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Free, Prior and Informed Consent in REDD+

A new report published by The Center for People and Forests (RECOFTC) and the German Agency for International Cooperation (GIZ) looks at free, prior and informed consent in REDD+. The report is, according to the Introduction, “targeted at people concerned with the design and implementation of REDD+ projects or programs.”

RECOFTC and GIZ’s report can be downloaded here: “Free, Prior, and Informed Consent in REDD+: Principles and Approaches for Policy and Project Development” (1.4 MB).

In 2005, the United Nations Permanent Forum on Indigenous Issues endorsed a summary of FPIC:

Elements of Free, Prior, and Informed Consent

  • Free should imply no coercion, intimidation or manipulation;
  • Prior should imply consent has been sought sufficiently in advance of any authorization or commencement of activities and respect of time requirements of indigenous consultation/consensus processes;
  • Informed – should imply that information is provided that covers (at least) the following aspects:

    a. The nature, size, pace, reversibility and scope of any proposed project or activity;
    b. The reason/s or purpose of the project and/or activity;
    c. The duration of the above;
    d. The locality of areas that will be affected;
    e. A preliminary assessment of the likely economic, social, cultural and environmental impact, including potential risks and fair and equitable benefit sharing in a context that respects the precautionary principle;
    f. Personnel likely to be involved in the execution of the proposed project (including indigenous peoples, private sector staff, research institutions, government employees, and others); and
    g. Procedures that the project may entail.
  • Consent – Consultation and participation are crucial components of a consent process. Consultation should be undertaken in good faith. The parties should establish a dialogue allowing them to find appropriate solutions in an atmosphere of mutual respect in good faith, and full and equitable participation. Consultation requires time and an effective system for communicating among interest holders. Indigenous peoples should be able to participate through their own freely chosen representatives and customary or other institutions. The inclusion of a gender perspective and the participation of indigenous women are essential, as well as participation of children and youth as appropriate. This process may include the option of withholding consent. Consent to any agreement should be interpreted as indigenous peoples having reasonably understood it.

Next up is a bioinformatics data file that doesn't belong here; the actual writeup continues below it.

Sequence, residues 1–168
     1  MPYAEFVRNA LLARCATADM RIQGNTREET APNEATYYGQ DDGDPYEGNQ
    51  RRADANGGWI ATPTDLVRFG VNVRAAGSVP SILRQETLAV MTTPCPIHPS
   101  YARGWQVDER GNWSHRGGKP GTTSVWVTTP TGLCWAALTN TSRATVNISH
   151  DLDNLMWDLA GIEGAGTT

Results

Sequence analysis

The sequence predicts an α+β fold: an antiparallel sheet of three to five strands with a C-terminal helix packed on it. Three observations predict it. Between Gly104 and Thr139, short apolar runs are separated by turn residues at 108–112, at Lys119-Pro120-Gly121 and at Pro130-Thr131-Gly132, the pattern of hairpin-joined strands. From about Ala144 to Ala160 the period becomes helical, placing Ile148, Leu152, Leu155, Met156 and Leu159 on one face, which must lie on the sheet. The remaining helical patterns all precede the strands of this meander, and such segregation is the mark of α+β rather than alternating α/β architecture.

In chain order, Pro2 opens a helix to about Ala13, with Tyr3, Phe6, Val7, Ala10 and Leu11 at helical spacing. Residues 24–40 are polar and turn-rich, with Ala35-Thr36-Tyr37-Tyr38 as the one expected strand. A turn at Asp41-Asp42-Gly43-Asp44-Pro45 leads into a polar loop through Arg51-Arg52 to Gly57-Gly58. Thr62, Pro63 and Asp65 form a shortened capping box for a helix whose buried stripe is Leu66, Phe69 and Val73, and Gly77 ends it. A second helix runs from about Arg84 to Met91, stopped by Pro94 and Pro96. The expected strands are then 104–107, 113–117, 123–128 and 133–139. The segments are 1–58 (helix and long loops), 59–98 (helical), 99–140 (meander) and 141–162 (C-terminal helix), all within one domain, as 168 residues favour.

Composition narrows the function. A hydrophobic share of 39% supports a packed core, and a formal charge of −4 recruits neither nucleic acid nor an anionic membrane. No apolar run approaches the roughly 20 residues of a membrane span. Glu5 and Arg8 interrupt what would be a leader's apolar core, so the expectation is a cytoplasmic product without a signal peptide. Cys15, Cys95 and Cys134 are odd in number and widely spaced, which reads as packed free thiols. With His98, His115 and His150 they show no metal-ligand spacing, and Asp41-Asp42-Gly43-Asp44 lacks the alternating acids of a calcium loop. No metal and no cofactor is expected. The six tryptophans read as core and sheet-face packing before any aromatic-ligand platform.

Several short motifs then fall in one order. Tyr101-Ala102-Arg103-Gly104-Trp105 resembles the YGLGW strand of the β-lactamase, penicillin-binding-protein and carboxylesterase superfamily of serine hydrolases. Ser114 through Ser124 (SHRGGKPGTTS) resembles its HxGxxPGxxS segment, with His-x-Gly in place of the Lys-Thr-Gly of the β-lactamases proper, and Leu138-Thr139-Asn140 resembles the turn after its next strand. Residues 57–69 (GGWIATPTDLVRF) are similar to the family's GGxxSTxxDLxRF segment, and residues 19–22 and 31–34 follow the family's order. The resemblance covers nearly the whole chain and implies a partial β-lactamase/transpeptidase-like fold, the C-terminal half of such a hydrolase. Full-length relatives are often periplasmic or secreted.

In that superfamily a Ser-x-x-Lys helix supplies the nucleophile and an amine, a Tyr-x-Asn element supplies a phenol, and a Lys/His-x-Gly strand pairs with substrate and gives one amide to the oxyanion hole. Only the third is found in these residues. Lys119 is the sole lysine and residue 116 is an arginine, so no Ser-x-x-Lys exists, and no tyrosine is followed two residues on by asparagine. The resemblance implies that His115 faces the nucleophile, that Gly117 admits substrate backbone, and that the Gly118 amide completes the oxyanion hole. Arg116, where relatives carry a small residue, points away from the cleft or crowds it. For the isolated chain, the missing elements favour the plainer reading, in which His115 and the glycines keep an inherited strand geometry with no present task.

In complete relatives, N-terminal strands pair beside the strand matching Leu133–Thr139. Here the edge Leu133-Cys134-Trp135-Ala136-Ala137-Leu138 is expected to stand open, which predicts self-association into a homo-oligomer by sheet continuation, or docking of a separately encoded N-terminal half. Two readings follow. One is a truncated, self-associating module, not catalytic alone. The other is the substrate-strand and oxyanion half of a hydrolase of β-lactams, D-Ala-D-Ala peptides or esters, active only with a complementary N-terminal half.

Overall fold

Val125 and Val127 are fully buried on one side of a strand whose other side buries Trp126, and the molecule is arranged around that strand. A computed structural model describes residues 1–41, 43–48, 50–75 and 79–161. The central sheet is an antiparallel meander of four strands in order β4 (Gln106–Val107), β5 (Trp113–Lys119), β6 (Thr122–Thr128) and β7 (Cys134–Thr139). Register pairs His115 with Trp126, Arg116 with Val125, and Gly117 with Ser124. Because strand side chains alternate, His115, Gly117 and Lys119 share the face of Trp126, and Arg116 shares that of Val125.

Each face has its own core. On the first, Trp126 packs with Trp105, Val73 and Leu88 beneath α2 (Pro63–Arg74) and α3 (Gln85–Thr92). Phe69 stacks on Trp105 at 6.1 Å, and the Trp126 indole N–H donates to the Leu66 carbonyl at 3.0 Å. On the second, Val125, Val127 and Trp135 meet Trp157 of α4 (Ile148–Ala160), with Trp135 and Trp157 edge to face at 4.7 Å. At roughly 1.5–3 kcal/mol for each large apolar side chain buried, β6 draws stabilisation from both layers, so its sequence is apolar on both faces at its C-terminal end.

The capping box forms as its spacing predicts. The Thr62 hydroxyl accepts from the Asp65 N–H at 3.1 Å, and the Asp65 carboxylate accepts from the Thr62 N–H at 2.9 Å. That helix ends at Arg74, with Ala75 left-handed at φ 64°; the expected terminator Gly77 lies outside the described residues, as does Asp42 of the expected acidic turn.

The GIZ and RECOFTC report consists of three sections:

  1. REDD+ and the importance of Free, Prior, and Informed Consent (FPIC):
  2. A reference section that summarises key information and describes a process that respects FPIC; and
  3. A guidelines section including 12 aspects of a generic process to respect the rights of indigenous peoples and local communities to FPIC.

The report provides a very good overview of why FPIC is important for REDD. It also notes some of the potential and actual problems for indigenous peoples. For example, if indigenous peoples are to benefit from payments through REDD, that will involve changes to the way that indigenous peoples and local communities manage their forests (otherwise there will be no difference from business as usual, or the “baseline for current greenhouse gas emissions from degradation/deforestation,” as it is described in the report):

These changes may affect traditional practices such as swidden farming; controlled burning to aid hunting and grazing; and the use of timber and other forest products for subsistence or sale. REDD+ policy developments, pilot projects, and demonstration areas may therefore have significant direct impacts on hundreds of millions of forest-dependent people in the Asia-Pacific region. It has the potential to affect not just their livelihoods, welfare, and income, but also their social order, identity, and culture. It is thus vital that the needs, rights, and interests of these peoples are recognized and addressed in the design and implementation of REDD+ projects.

The report notes that governments are also interested in benefiting from REDD, raising crucial questions about whose forest it is (and who owns the carbon stored in the forest – which may not be the same as who owns the forest):